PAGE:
Tolucan Times January 8, 2004
Serving the communities of: Toluca Lake - Magnolia Park - Burbank - Media District - Universal City - Encino - Valley Village - North Hollywood - Hollywood Hills - Larchmont District - Studio City - Sherman Oaks - Glendale
ASK THE DIVORCE COACH©, SUSAN ALLAN
For one hour free relationship coaching, firstname.lastname@example.org
THE PARENTING TRAP
Some divorced parents refuse to introduce a new love interest to their children for fear that the child will become upset or disappointed if the relationship ends. The concern may be that if the new friend goes away or is sent away that this will cause emotional distress to their children. We asked Sally Franz, parenting expert, youth minister and author for her wisdom on this essential aspect of divorce and dating.
“My question is this…Why are you dating someone who you already have doubts about? Why are you so quickly involved with someone without first becoming just friends? You should approach new relationships as friendships that will last a lifetime. How would you build one like that? You'd take your time. You wouldn't push for physical intimacy, You'd see what they are committed to. You'd see if they possess communication skills. You would watch their reactions; are they stingy or generous? Is their thinking based on fear or love? How do they handle anger? Is their faith similar to yours? You'd spend less time with someone lacking friendship skills. Here's what it boils down to: If the person you are dating is not kind, faith-based, and generous, not only should you keep your kids away from them---you shouldn't see them either!” Sally Franz, youth minister and author of The Baby Boomers Guide series
Dear Divorce Coach,
My friend is going through a separation/divorce. There is a 12 yr. old child involved. There has been no custody awarded as of yet. They live in Illinois , and she wants to move to California . Legally, can she bring her 12 yr. old son with her?
There are many factors involved in custody and if the father fights the move it may be difficult unless there is a job involved in the relocation. Many couples who agree on joint custody create a parenting plan that involves awarding school days to one parent and holidays to the other. However, there are many options that may be more appropriate. There are different strategies that she may employ to encourage a mediated settlement that may meet the needs of both parents and the child. I have seen agreements where the parent wishing increased custody has agreed to accept diminished child support in order to “sweeten the deal”. I offer a 1 hr. free coaching session to demonstrate how she may improve her negotiation skills to reach a settlement.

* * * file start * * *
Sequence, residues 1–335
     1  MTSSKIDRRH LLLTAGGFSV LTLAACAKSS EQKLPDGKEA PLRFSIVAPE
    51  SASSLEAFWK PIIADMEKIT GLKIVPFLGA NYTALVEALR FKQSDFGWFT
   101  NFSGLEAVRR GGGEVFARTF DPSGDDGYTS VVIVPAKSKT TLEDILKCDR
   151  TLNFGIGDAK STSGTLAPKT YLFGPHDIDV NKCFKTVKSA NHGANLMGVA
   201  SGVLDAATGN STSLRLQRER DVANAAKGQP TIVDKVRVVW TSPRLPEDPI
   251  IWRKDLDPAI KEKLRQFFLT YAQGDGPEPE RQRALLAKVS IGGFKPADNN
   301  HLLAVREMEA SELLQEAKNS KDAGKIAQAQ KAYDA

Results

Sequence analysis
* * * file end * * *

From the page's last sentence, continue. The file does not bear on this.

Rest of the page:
Dear Divorce Coach,
My wife & I have been married for 18 years. We have 3 kids, all under 18. We don't get along anymore, fighting about money, kids, and anything else that's handy. We have gone through marriage counseling, but the "skills" we have learned from counseling seem to "wear off" after a while. I would like to get a divorce but it would be a "mess" financially because we live paycheck to paycheck. If we get a divorce, would the judge award the house and everything else to my wife, because she would undoubtedly get custody of the kids?
Dear Divorce Coach,
After almost 10 years, my wife has sued me for divorce. I am shocked and sad. We have two beautiful daughters. She wants custody, child support, etc. We live together; she wants me to move out. Will I lose, in court if I leave? It's not fun being the same house with her.
For 101 Divorce Survival Secrets, and free E-zine, visit www.thedivorceforum.com , with Collaborative Divorce information. For one hour of free, private telephone coaching, contact email@example.com
Susan Allan COO of The Divorce Forum